As such, this large lump sum payment is what affects the present value of the bond the most when interest rates change.
Since the primary purpose of collateral is to ensure that, in the event of default, lenders can recover as much of their loan values as possible, assets which trade with relatively higher levels of volatility are not that good forms of collateral.
Consequently, while UST 10 year notes and 30 year bonds offer similar liquidity and flexibility characteristics, their longer durations ultimately put them at a disadvantage to T Bills, which are considered to be the most pristine form of collateral in the financial system.
But how exactly do these collateralized repo transactions work?
Firstly, “repo” is short for repurchase agreement, which is a sale of securities (the collateral), with the simultaneous obligation to buy them back on a certain date.
Repos allow institutions which hold large stocks of financial securities to use them as a way to obtain quick funding without having to sell them.
Examples of such institutions include Wall Street trading desks, brokerage houses, hedge funds, asset managers, and even pension funds.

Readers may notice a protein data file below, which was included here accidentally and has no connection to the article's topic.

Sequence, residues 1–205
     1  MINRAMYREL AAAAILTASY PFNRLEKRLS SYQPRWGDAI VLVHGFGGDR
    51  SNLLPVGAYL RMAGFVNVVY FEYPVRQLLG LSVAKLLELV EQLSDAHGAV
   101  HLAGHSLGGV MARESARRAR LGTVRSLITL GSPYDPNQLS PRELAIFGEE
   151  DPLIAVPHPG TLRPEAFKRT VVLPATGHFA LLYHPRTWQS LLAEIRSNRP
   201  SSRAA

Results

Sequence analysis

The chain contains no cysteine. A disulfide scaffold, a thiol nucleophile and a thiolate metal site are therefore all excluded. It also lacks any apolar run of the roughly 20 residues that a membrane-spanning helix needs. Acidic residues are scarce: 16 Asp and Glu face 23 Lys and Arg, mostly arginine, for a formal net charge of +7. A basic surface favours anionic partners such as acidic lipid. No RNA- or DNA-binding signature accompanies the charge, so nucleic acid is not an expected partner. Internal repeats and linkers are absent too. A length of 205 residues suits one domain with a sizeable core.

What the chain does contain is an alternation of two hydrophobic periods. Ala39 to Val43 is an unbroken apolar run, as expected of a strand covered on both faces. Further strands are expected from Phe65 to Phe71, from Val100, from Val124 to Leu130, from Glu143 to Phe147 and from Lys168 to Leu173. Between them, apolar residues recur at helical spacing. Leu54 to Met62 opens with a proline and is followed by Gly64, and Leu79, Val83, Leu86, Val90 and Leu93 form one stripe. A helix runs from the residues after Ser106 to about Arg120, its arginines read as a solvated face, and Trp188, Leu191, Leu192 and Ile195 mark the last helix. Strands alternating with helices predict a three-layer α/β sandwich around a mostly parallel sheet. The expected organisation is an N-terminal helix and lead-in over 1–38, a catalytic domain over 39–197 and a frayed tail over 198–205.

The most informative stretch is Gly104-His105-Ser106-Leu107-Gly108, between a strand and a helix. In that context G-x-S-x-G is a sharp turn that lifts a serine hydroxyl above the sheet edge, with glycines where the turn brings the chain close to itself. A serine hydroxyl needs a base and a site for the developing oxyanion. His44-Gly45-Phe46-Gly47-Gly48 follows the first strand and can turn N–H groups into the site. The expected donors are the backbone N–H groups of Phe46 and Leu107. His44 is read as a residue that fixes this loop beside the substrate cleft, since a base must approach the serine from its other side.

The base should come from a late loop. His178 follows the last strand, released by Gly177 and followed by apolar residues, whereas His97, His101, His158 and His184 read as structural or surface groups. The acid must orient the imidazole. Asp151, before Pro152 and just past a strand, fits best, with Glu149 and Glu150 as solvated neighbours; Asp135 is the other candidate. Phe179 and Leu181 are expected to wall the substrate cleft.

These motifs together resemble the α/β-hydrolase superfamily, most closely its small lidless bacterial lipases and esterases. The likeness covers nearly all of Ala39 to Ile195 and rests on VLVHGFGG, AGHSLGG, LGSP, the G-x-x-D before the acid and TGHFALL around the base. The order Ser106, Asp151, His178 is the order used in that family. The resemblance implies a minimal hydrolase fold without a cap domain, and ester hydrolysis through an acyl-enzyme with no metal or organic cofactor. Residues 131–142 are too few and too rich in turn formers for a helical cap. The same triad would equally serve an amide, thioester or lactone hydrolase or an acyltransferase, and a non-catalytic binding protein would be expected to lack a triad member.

The repo rate is the interest rate paid by the borrower, and in general, the lower quality the collateral, based on the factors discussed in Part 1, the higher the repo rate, more colloquially (and affectionately) known as the “haircut”.
It is important to note that the party selling the securities (and buying them back later) is the one engaging in the repo.
The counterparty, that is, the one purchasing the securities (and selling them back later) is said to be engaging in a reverse repurchase agreement.
Reverse repos are used by parties that require the securities pledged as collateral for use in their own financial transactions. This could be a hedge fund lending cash to receive UST Bills, which they in turn use as collateral in another financial transaction.
This is possible because repo transactions can be rolled over.